Today, Gregory H. Johnson, Colonel (Ret), was named executive director for the Center for the Advancement of Science in Space (the ISS National Lab) – the nonprofit entity selected by NASA to manage the utilization of the International Space Station (ISS) U.S. National Laboratory. Col. Johnson will assume his role effective September 1, 2013.
As executive director, Col. Johnson will lead the the ISS National Lab organization to identify novel applications and new partnership opportunities advancing use of our nation’s orbiting laboratory.
“Col. Johnson’s combination of experience within our nation’s space program, leadership skills and familiarity with the aerospace industry make him an ideal fit for the ISS National Lab,” said the ISS National Lab Board of Directors Chair Dr. France Cordova. “With Col. Johnson’s appointment by the Board, a critical role within the organization has been filled. He will drive forward the mission of the ISS National Lab, which is to enable and maximize use of the ISS National Laboratory as a unique resource for scientific discovery, technology development and education.”
The ISS U.S. National Laboratory is focused on accelerating basic discoveries and innovation in areas that require microgravity and other extreme conditions uniquely provided by space. The facility offers opportunities for basic and applied research in the biological sciences, biotechnology, human health, physical and materials science, Earth and space imaging, and engineering research and development that will both advance our efforts in space and contribute to improving life on our planet.
“It is an honor to accept the role of executive director with the ISS National Lab and promote the benefits of conducting research on the ISS,” said incoming the ISS National Lab Executive Director Col. Gregory H. Johnson. “To see the strides this organization has made in less than two years of existence is highly encouraging, and I look forward to working alongside the the ISS National Lab staff as we continue to enhance the scope of spaceflight research and enable groundbreaking innovations for the benefit of humankind.”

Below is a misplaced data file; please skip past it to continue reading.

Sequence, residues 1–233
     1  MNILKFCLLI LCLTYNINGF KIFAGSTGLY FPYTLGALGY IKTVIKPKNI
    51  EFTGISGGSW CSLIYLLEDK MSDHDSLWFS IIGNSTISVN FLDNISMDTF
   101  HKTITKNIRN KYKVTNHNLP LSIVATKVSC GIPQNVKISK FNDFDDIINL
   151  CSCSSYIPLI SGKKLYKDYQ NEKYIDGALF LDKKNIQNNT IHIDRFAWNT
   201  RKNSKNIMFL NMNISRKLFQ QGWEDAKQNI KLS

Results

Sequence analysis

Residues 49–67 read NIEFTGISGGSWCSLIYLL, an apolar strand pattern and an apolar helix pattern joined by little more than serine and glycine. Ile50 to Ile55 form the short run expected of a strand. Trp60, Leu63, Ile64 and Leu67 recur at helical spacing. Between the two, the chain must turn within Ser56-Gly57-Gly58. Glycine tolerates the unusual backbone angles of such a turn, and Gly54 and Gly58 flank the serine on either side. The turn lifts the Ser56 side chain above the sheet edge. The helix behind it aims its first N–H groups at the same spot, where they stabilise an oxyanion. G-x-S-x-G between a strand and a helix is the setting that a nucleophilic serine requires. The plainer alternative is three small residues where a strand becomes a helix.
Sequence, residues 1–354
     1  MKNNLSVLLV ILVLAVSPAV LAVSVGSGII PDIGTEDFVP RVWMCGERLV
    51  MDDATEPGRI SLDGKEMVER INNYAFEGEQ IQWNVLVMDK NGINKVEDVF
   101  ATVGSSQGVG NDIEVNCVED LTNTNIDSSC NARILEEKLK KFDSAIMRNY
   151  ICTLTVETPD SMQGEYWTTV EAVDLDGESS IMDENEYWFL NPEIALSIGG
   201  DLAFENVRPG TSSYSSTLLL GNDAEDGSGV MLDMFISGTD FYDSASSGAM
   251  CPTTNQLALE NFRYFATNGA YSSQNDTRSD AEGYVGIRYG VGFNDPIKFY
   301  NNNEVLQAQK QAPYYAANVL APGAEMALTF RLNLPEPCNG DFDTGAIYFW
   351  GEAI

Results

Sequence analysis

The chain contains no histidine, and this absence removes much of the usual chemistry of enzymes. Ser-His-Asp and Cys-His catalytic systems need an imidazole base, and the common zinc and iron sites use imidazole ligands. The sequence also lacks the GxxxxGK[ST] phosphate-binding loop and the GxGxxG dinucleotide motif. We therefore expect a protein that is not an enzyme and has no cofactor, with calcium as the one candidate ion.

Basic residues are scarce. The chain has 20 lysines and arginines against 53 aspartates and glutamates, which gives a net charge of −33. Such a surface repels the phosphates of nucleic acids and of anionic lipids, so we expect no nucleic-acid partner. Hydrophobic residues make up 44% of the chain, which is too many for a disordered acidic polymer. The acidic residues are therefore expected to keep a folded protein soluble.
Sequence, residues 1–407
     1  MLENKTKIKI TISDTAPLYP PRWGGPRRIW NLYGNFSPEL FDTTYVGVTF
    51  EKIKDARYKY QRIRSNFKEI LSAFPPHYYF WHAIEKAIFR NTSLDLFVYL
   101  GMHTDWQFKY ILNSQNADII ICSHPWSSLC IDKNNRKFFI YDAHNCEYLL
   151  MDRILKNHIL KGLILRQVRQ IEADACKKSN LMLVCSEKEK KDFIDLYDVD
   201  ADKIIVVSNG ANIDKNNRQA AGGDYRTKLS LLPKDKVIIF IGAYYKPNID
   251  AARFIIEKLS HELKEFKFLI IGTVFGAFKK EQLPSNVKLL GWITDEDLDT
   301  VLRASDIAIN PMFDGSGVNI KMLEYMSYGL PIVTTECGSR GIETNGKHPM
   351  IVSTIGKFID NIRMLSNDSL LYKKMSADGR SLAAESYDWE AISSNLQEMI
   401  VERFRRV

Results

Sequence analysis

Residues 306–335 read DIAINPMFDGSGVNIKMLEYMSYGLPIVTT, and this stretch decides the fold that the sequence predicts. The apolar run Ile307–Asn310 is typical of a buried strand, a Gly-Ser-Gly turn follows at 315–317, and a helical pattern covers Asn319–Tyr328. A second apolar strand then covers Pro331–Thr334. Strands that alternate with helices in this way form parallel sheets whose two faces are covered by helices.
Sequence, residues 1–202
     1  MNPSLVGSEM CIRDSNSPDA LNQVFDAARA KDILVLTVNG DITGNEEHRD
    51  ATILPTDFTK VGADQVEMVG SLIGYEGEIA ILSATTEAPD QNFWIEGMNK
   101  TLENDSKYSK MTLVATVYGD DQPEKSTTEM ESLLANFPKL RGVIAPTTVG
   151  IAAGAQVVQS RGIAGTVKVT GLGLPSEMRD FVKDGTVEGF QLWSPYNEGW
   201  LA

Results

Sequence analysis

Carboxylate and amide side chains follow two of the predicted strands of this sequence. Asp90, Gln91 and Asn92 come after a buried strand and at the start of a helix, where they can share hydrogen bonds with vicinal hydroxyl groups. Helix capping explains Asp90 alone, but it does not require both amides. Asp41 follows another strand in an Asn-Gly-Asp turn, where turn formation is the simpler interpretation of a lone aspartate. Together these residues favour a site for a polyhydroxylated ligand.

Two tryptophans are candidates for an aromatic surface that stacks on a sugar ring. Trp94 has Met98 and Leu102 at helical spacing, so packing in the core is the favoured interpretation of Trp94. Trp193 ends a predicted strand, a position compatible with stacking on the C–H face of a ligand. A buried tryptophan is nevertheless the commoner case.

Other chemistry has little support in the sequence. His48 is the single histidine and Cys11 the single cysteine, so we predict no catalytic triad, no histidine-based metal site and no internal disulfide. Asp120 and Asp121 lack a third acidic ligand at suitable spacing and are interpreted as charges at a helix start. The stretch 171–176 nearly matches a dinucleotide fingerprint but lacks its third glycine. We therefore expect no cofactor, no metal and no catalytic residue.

Col. Johnson was selected as a NASA Astronaut in 1998 and ultimately piloted two Space Shuttle missions (STS-123 and STS-134, both aboard Space Shuttle Endeavour) where he spent nearly 32 days in orbit and contributed to the assembly of the ISS. In October 2011, Col. Johnson began a rotational assignment as the associate director of external programs at NASA Glenn Research Center in Cleveland, OH. In that role, Col. Johnson managed all public affairs, outreach and educational programs at the Center.
Before NASA, Col. Johnson was a decorated officer and pilot with the United States Air Force. Col. Johnson flew 34 combat missions in support of Operation Desert Storm and 27 missions during Operation Southern Watch. In 1994, he was assigned to the 445th Flight Test Squadron at Edwards Air Force Base, where he flew and tested the F-15C/E, NF-15B and other aircraft. During his nearly 25 years in the U.S. Air Force, Col. Johnson logged over 5,000 flight hours in more than 50 different aircraft.
Col. Johnson received his B.S. in aeronautical engineering from the U.S. Air Force Academy, his M.S. in flight structures engineering from Columbia University and his M.B.A. from the University of Texas at Austin.
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About the ISS National Lab: The Center for the Advancement of Science in Space (the ISS National Lab) was selected by NASA in July 2011 to maximize use of the International Space Station (ISS) U.S. National Laboratory through 2020. the ISS National Lab is dedicated to supporting and accelerating innovations and new discoveries that will enhance the health and wellbeing of humankind and our planet. The the ISS National Lab goal is to bring the magic of space down to earth. For more information, visit www.issnationallab.org.
About the ISS National Laboratory: In 2005, Congress designated the U.S. portion of the International Space Station as the nation’s newest national laboratory to maximize its use for improving life on Earth, promoting collaboration among diverse users and advancing STEM education. This unique laboratory environment is available for use by other U.S. government agencies and by academic and private institutions, providing access to the permanent microgravity setting, vantage point in low earth orbit and varied environments of space. The ISS National Laboratory Office at NASA’s Johnson Space Center currently facilitates research initiatives on board the station’s National Lab, but management of America’s only in-orbit laboratory is transitioning to the ISS National Lab.
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